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Can Flat Design Change An Entire Culture Built On Ornateness?

The World Is Flat by Saudi designer Khansa'a Abu Naji hopes to convince the Arab world that there's profoundness in simplicity.

  • <p>These images of real-world objects turned into iOS 7 style flat icons might look simple, but the philosphy behind them is deeply felt.</p>
  • <p>Saudi artist Khansa'a Abu Naji hopes that her work will challenge the Arabic world's design prejudices in favor of ornateness.</p>
  • <p>"As Arabs, we tend to make things more complex than they need to be, because we are trying to impart a deeper and more profound meaning to a design through ornateness," Abu Naji tells Co.Design.</p>
  • <p>"It looks easy, but it's very difficult to simplify a design down to its essence," says Abu Naji.</p>
  • <p>"Flat design is something that has been embraced by great designers for years, a timeless victory over the power of simplicity over cluttering," she says.</p>
  • 01 /05

    These images of real-world objects turned into iOS 7 style flat icons might look simple, but the philosphy behind them is deeply felt.

  • 02 /05

    Saudi artist Khansa'a Abu Naji hopes that her work will challenge the Arabic world's design prejudices in favor of ornateness.

  • 03 /05

    "As Arabs, we tend to make things more complex than they need to be, because we are trying to impart a deeper and more profound meaning to a design through ornateness," Abu Naji tells Co.Design.

  • 04 /05

    "It looks easy, but it's very difficult to simplify a design down to its essence," says Abu Naji.

  • 05 /05

    "Flat design is something that has been embraced by great designers for years, a timeless victory over the power of simplicity over cluttering," she says.

Flat design trends tend to be phrased in terms of the way they challenge the paradigm of skeuomorphism, but one Saudi designer is trying to do more than that. Through a series of attractively designed, minimalist interpretations of real-world objects, graphic designer Khansa'a Abu Naji is hoping to challenge the design prejudices of Arab culture as a whole.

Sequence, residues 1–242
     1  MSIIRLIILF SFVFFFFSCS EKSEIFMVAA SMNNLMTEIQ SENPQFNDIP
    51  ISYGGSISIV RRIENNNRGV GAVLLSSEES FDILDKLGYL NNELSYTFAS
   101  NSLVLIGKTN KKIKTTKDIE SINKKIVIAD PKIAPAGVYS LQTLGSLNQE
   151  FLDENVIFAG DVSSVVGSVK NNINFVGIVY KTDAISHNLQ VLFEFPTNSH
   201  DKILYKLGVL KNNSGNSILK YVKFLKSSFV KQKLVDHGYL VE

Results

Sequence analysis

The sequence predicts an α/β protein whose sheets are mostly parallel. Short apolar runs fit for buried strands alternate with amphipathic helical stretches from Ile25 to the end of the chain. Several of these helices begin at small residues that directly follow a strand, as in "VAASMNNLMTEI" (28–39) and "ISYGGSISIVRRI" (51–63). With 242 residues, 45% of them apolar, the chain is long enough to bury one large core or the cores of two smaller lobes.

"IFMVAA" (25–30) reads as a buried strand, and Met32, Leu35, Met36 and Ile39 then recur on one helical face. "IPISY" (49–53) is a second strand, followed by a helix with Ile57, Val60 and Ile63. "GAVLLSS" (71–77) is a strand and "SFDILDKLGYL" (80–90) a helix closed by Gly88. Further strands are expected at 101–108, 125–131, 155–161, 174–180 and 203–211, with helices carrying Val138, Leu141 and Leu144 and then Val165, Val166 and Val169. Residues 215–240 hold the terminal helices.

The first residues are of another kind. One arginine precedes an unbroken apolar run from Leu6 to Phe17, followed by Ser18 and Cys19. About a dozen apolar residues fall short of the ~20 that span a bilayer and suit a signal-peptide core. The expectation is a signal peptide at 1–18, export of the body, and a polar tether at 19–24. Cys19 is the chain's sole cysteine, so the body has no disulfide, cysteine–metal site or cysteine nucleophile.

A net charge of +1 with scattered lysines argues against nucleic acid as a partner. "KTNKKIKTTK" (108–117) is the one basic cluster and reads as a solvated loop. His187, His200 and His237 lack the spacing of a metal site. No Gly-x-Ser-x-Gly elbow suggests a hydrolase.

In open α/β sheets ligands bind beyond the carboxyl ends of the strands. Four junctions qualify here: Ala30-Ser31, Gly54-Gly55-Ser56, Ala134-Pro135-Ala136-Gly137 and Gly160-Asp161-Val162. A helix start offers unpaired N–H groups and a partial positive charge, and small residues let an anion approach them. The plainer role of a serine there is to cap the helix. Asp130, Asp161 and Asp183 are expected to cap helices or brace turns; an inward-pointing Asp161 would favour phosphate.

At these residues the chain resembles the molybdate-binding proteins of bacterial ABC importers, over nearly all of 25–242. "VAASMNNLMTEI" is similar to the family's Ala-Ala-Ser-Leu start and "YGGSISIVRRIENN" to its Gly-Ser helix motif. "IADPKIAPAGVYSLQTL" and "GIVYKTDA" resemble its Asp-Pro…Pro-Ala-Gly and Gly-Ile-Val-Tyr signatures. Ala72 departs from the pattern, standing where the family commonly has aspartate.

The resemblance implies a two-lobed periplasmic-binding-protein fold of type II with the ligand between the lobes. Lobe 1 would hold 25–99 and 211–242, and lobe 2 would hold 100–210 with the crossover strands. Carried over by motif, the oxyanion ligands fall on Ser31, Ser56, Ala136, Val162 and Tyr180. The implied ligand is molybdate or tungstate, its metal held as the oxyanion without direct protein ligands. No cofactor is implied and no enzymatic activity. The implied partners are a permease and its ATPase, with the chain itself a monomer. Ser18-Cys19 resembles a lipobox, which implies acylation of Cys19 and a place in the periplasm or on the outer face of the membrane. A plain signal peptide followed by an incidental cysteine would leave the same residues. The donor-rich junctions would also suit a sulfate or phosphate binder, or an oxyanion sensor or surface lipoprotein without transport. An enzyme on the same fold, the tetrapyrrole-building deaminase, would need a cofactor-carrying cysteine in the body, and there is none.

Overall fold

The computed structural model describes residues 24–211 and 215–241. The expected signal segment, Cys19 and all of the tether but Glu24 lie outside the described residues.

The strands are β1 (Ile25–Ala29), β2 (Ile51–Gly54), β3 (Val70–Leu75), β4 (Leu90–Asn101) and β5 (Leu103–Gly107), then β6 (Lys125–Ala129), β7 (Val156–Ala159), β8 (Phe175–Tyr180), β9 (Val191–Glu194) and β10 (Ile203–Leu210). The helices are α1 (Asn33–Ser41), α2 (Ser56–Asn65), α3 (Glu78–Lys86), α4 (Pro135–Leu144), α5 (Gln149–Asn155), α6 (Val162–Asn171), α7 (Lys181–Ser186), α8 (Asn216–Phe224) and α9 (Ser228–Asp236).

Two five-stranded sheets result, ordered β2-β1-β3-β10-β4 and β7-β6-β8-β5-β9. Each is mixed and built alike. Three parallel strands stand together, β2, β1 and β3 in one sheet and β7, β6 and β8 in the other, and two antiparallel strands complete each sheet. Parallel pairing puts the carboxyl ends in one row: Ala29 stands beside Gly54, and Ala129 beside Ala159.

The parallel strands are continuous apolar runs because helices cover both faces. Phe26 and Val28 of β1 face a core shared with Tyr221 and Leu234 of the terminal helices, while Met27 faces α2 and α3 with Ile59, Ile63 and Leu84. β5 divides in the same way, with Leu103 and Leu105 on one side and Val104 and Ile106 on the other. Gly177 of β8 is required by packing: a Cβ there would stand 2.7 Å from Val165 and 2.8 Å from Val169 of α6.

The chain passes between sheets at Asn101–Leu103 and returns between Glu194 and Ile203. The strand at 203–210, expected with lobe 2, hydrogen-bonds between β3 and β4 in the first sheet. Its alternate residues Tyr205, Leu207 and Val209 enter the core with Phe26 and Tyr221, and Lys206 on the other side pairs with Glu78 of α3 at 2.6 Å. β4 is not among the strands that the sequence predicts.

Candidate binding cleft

"As Arabs, we tend to make things more complex than they need to be, because we are trying to impart a deeper and more profound meaning to a design through ornateness," Abu Naji tells Co.Design. As a result, empty space in Arab design tends to be treated as an unnatural void that should be filled with extraneous detail and interconnected relationships.

As a graphic designer, Abu Naji found this cultural design prejudice to be stifling. The World Is Flat is Abu Naji's attempt to prove to clients brought up in a design heritage of ornateness that a design does not necessarily deepen with every added line, shadow, gradient, or curlicue. Sound familiar? Instead, good design distills something, whether an idea or an object, down to its essence. "Good design is about granting access to the bare truth of things," she says.

Whether an ice cream cone or tub of popcorn, a record player or an alarm clock, Abu Naji's series uses flat design as a purification tool. "It looks easy, but it's very difficult to simplify a design down to its essence," says Abu Naji. "For the designs in The World Is Flat, I start by looking carefully at objects, trying to identify their main elements. I then sketch them on paper to get rid of all their shadows, gradients, and tiny extraneous details. Finally, I transfer them to the computer for drawing and coloring. The real excitement for me comes when I compare the photo of the object with my finished design. It is astonishing to me how much more we can get from doing less."

To Abu Naji, flat design is more than just a fad; it is "a revolution against data overload," a purifying technique that can be used to bring out the meaning that is being obscured by overwhelming detail.

"The use of modern devices has reduced the need of having cluttered objects in our lives," says Abu Naji. "That's why companies like Microsoft and Google have led the way when it comes to minimalistic digital design trends." The world may not be flat, but thanks to smartphones and tablets, it is flattening.

As for whether flat design will be viewed with just as much gawking disbelief as some design trends of yesteryear, Abu Naji thinks that it is here to stay. "We still enjoy minimalistic designs done decades ago," she says. "Flat design is something that has been embraced by great designers for years, a timeless victory over the power of simplicity over cluttering. Design trends come and go, but the principles of great design stay forever."

More of Abu Naji's design work can be found on her site here

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